“My die-off last year was close to 50 percent,” says Hannan, who started beekeeping as a teenager and today has more than 400 colonies, or about 3 million been. “Years before, I’ve lost up to 95 percent of my bees.” He’s hardly alone in his plight.
In 2006, beekeepers throughout the country began noticing mysterious die-offs in their colonies. The term “colony collapse disorder” (CCD) went viral and led to the bee-apocalypse scare. An estimated 10 million beehives worth about $200 each have been lost, costing beekeepers some$2 billion,” Time stated in 2013, adding that colonies in the U.S. had dropped to 2.5 million from 6 million 60 years earlier.
Last year’s colony losses in Connecticut, according to an annual mortality survey by Bee Informed Partnership, were close to 50 percent.
Last March, however, the USDA indicated that the number of honey-producing hives across the country had in fact gone up to the highest level since 1987. The figures are misleading, though, because they only include honey yields from commercial producers and don’t consider year to year mortality rates. Besides, the increase reflects beekeepers efforts to rebuild hives after die-offs, such as splitting hives into two or simply buying more bees, as well as the dramatic jump in backyard hives.
Back when CCD entered the lixicon, the USDA pointed fingers at the Varra mite, an insidious insect that transmits 22 different killer viruses, as well as widespread use of commercial and residential pesticides and other lethal chemicals. Continued loss of pollen-rich- habitat due to urban sprawls us another stressor. So are monoculture farming practices, whereby thousands of acres are dedicated to a single crop like corn or soybeans. These don’t require pollination and, thus, reduce the bee population.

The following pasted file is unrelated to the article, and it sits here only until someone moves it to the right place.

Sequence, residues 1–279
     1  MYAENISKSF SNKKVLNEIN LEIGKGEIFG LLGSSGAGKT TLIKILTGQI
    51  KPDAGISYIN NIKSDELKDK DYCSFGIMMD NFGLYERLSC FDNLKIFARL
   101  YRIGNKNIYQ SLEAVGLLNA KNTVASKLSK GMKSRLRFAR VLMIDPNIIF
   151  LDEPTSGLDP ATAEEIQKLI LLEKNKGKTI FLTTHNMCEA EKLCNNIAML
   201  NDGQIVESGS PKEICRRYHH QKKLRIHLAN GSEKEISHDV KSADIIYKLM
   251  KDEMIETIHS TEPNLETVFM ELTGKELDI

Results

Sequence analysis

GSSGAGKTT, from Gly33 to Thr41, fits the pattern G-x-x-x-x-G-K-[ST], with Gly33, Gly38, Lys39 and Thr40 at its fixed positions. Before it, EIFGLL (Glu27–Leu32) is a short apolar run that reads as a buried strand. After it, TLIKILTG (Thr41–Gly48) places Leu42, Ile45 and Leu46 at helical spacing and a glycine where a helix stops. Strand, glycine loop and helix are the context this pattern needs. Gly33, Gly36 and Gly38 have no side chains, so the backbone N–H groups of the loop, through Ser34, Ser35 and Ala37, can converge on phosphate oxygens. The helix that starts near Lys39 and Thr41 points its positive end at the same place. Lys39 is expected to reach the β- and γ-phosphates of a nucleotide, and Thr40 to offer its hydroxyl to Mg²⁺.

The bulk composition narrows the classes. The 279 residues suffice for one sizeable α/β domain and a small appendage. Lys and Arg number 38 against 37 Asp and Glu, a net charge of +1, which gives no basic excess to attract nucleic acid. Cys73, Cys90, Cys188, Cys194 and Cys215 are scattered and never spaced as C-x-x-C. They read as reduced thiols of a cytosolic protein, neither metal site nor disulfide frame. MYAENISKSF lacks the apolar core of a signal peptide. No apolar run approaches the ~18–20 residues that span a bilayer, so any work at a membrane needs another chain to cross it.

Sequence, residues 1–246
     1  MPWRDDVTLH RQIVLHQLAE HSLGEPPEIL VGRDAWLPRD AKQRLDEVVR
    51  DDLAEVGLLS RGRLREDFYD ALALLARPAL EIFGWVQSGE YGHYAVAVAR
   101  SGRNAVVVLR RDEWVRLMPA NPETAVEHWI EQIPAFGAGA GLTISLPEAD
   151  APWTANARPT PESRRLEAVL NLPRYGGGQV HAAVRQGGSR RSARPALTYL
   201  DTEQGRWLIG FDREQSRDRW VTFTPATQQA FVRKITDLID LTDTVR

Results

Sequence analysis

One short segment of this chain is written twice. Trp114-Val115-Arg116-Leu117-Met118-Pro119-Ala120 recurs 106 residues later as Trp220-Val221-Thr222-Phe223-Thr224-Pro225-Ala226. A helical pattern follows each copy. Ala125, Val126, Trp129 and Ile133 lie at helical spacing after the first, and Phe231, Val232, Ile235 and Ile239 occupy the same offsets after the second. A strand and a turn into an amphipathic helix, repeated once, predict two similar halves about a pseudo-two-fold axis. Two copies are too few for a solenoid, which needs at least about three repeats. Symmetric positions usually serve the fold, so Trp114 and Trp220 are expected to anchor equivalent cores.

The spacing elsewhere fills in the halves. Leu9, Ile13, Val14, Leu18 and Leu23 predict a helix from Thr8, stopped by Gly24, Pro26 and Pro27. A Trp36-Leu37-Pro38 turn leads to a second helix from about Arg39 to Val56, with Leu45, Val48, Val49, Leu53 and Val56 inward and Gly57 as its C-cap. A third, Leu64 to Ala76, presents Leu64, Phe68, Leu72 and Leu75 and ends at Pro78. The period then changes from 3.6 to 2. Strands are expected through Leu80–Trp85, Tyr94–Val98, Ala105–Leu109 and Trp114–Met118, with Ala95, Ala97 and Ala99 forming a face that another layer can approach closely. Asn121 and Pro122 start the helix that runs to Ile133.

Environmentalists have focused on a widely used class of pesticides-neonicotinoids, or neon’s, which don’t kill bees but mess with their pollen-gathering behavior – as particular virulent. Not all beekeepers and scientists agree.
“My research looks into roots of exposure of bees to pesticides,” says Kimberly Stoner, an entomologist with the Connecticut Agriculture Experiment Station. While numerous student show the neon’s have some damaging effects on honeybees, she adds, the science isn’t conclusive. “Where the controversy lies are the levels at which the bees are exposed to neon’s to cause the effects.”
In 2013, the European Union imposed two-year moratorium on neon’s while further research was done. Over time, Stoner predict, the U.S. “will probably restrict some uses of the pesticides, like for homeowners.”
Steve Dinsmore, president of trey Connecticut Beekeepers Association, notes the controversy surrounding neonics, but says the Varroa mite is an unquestionable stressor among the groups 400 hobbyist members. “Educating them on proper beekeeping practices is always a challenge,” he says. “Such as making sure their bees have a variety of pollen to consume and protecting hives in winter.”
He recommends perusing beekeeping websites and attending the associations beekeeping school sessions prudent ways to say informed.
State inspector Creighton encourages Connecticut homeowners to make their own property more bee-friendly, not only for honeybees but also bumblebees and other native pollinators. “Plant pollinator habitat in your backyard and limit chemical use,” he suggests. Around here, bees love goldenrod, New England aster, sunflowers, various wildflowers, and even pesky dandelions.
The bee die-off situation is as dire as it was reported a couple of years ago, Creighton concurs, and the problems are complex. It’s not too late to prevent bee-mageddon, he urges, but “if we don’t change our practices, it’s going to happen.”